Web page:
Because it has been discussed endlessly, I should address the allegations of the film’s anti-Semitism: The allegations are wholly without merit. Jewish leaders are indeed shown to be the ones clamoring for Jesus’ execution, but there is no underscoring, no statements to the effect of, “Hey, look what THE JEWS did!” The focus is on what happened, not who caused it. End of story.
The dialogue is in Aramaic, Hebrew and Latin, which were the languages of the day, with the addition of English subtitles, which were somewhat less common. The language was meant to lend the film realism, though to be truly effective, it would need to have been accompanied by a documentary style of filmmaking, not the highly cinematic method employed by Gibson and cinematographer Caleb Deschanel. The language is not a liability, but it is not a strength, either.
I have indicated my personal feelings about the film’s use as a religious experience, but let me return to my assertion that simply as a film, it is better than anything else released so far this year. Gibson stays faithful to his source material, but embellishes on it enough to give the narrative some structure and weight. Through judicious use of brief flashbacks, we discern Jesus’ tender relationship with his mother (Maia Morgenstern) and his role as teacher and friend to Peter (Francesco De Vito) and John (Hristo Jivkov). Mary’s agony over her son’s sacrifice is exquisitely portrayed, and Judas’ (Luca Lionello) betrayal and subsequent guilt are fantastically eerie, given a supernatural flavor that crystalizes the movie’s inherent spirituality. Hristo Naumov Shopov’s sharp performance as the morally conflicted Pontius Pilate is also worthy of note: Here is a character whose role in the story in integral, but who seldom gets the respectful, muscular portrayal he deserves.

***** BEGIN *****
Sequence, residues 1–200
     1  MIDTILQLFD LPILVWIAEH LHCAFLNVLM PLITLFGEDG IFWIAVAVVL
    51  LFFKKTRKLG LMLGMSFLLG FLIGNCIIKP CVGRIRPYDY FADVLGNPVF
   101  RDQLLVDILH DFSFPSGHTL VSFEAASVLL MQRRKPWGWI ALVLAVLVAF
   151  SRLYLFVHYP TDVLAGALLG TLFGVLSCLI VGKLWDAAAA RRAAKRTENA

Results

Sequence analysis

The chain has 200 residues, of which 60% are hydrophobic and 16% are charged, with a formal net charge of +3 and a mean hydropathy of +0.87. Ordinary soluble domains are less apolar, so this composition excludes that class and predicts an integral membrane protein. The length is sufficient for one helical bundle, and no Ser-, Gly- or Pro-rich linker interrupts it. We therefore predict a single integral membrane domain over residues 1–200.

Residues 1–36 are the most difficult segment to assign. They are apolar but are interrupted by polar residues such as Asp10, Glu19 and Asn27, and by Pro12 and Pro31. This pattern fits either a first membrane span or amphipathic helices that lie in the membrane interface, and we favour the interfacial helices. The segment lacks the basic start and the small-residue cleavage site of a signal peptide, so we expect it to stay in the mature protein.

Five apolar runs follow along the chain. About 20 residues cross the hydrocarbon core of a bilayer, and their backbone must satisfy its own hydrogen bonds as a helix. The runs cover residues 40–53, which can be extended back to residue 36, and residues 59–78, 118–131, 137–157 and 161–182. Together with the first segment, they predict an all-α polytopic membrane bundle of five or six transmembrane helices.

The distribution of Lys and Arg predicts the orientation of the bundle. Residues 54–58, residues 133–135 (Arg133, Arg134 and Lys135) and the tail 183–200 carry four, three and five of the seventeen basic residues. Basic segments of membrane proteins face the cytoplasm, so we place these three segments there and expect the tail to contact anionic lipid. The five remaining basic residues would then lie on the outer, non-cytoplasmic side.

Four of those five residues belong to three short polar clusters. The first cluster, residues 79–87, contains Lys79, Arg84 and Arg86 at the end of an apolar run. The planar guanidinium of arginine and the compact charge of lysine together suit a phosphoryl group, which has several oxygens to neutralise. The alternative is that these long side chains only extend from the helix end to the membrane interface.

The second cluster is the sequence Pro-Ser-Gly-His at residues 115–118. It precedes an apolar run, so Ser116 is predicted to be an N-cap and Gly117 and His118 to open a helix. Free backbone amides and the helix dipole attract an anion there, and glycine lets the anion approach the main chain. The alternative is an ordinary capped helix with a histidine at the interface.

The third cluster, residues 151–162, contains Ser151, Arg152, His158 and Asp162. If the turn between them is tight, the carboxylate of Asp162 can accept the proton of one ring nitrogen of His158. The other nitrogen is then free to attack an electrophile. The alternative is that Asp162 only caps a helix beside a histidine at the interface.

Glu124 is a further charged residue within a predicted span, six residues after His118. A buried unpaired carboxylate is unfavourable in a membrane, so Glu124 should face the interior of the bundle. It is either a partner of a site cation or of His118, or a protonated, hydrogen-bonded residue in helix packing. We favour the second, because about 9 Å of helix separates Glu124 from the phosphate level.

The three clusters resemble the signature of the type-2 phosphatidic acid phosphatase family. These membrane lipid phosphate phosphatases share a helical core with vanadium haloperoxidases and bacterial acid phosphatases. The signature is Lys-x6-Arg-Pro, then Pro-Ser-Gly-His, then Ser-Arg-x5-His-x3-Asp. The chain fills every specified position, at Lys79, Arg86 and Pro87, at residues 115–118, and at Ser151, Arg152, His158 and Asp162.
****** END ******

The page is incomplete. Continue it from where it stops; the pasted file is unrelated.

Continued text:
Gibson and I may disagree on some points of doctrine, but I respect anyone who makes a film based on his personal convictions, and even more so if the filmmaker does a vigorous, handsome job of it, as Gibson has done here. Too often, artists who endeavor in “labors of love” are too swallowed up in their affinity for the thing to create something that will be of worth to anyone other than themselves. “The Passion of the Christ” is a rare thing indeed, then: a work of art that succeeds as a film, as a message, and, yes, as a labor of love.
A (2 hrs., 7 min.; in Aramaic, Hebrew and Latin with subtitles; )
In 2011, I reconsidered this movie for my "Re-Views" column at Film.com.